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How job stress influences job performance among Chinese healthcare workers: a cross-sectional study

  • Jianwei Deng
  • Yilun Guo
  • Tengyang Ma
  • Tianan Yang
  • Xu Tian
Open Access
Research article

Abstract

Objectives

Public service motivation refers to the idea of commitment to the public service, pursuit of the public interest, and the desire to perform work that is worthwhile to society. This study investigates how challenge stress and hindrance stress influence job performance among healthcare workers in Chinese public hospitals. It has also examined the mediating effect of public service motivation.

Methods

Data of 1594 healthcare workers were obtained from typical public hospitals in eastern, central, and western China. To test our hypotheses, we used descriptive statistical analysis, correlation analysis, structural equation modeling, and subgroup analysis to investigate the sample.

Results

Challenge stress and hindrance stress were strongly correlated among healthcare workers in Chinese public hospitals (β = 0.59; p < 0.001). Challenge stress was significantly positively associated with public service motivation (β = 0.14; p < 0.001) and job performance (β = 0.13; p < 0.001). Hindrance stress was significantly negatively associated with public service motivation (β = − 0.27; p < 0.001) and job performance (β = − 0.08; p < 0.05). Public service motivation was directly positively associated with job performance (β = 0.58; p < 0.001), and it indirectly mediated the association between job stress and job performance.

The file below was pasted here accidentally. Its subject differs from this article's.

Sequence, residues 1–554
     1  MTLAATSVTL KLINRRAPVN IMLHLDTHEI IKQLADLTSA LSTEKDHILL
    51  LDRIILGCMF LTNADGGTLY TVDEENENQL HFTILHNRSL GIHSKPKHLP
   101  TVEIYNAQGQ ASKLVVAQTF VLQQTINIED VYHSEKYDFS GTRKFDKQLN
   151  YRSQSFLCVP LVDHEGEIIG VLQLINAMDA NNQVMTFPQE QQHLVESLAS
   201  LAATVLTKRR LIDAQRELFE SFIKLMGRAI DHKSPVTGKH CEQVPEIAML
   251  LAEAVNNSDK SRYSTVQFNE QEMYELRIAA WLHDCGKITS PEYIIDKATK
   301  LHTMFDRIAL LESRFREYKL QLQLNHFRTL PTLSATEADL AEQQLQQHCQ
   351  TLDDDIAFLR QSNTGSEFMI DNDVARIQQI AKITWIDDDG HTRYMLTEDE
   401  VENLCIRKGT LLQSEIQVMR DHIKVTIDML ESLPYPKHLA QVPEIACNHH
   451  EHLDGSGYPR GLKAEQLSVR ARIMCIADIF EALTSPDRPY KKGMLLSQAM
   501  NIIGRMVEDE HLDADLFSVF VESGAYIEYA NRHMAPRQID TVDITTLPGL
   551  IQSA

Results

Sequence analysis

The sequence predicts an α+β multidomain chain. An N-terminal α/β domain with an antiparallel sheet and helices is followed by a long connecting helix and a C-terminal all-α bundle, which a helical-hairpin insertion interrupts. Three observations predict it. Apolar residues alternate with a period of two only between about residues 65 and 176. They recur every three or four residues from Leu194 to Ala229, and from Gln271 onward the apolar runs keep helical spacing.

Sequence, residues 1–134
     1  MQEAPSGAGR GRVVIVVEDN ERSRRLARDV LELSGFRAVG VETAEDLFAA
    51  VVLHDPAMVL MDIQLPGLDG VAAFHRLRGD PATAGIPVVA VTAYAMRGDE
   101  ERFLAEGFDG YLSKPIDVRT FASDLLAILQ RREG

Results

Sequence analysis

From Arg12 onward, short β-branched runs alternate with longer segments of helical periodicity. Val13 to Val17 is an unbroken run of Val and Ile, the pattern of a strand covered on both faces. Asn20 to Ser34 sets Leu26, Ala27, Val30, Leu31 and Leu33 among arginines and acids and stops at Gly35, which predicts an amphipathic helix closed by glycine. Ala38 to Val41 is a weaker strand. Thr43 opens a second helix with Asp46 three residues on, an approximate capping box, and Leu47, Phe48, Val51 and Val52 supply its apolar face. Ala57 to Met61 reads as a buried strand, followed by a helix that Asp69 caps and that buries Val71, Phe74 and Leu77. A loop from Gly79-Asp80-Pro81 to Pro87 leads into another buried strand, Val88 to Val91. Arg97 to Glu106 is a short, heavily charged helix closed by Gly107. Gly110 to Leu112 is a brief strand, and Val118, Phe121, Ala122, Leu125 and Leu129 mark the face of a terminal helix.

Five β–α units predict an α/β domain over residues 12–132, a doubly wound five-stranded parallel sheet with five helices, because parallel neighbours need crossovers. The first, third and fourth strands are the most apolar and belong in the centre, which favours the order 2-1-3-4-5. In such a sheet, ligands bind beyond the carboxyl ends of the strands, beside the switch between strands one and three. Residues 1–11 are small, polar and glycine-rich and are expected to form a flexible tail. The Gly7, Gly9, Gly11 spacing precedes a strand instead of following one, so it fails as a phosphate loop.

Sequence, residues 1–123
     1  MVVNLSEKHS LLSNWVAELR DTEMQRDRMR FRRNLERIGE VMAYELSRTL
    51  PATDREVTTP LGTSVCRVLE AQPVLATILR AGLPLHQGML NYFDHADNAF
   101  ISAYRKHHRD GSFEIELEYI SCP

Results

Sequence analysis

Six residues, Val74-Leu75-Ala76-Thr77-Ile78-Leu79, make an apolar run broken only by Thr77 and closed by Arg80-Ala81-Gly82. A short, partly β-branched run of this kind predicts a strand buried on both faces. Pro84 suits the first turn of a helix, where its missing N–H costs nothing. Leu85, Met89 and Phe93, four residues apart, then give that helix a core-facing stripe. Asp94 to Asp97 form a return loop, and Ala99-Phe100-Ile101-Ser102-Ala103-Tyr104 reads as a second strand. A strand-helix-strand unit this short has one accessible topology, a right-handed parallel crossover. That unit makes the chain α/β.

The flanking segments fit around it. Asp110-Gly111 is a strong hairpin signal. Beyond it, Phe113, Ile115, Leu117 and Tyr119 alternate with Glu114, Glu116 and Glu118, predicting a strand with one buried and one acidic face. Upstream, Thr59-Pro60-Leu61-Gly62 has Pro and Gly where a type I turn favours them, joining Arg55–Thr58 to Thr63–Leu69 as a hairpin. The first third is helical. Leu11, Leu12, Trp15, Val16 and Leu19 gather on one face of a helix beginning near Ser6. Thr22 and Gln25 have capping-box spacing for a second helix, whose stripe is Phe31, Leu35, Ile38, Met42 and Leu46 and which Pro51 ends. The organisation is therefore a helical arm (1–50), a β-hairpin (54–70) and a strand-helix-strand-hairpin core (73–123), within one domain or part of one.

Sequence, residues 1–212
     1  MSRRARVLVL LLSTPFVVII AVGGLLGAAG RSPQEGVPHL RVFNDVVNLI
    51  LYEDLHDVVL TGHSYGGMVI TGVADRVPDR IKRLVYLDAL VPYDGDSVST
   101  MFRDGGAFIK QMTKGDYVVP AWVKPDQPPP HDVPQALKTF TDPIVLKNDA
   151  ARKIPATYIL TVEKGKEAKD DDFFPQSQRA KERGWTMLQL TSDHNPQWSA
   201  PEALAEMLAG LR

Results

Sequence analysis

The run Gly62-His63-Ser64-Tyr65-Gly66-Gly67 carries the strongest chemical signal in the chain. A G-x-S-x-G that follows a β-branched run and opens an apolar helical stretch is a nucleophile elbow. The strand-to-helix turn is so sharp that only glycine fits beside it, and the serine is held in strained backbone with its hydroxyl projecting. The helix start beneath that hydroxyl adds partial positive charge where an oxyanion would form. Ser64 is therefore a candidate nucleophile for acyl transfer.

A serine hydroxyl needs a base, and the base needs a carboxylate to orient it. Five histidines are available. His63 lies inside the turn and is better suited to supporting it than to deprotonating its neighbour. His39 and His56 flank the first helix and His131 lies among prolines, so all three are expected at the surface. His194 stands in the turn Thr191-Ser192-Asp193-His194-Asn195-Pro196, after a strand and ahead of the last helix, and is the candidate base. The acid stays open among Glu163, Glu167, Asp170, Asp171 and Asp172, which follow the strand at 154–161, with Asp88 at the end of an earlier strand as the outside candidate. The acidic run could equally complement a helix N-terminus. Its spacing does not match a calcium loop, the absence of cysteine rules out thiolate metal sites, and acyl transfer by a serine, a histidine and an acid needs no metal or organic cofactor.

Conclusions

This study provides important empirical evidence on the effects of job stress and public service motivation on job performance among healthcare workers in Chinese public hospitals. Job performance may be raised by limiting hindrance stress, which provides moderate challenge stress and increases public service motivation.

Keywords

Challenge stress Hindrance stress Public service motivation Job performance Quality of healthcare Big data 

Abbreviations

PSM

Public service motivation

SEM

Structural equation modeling

Introduction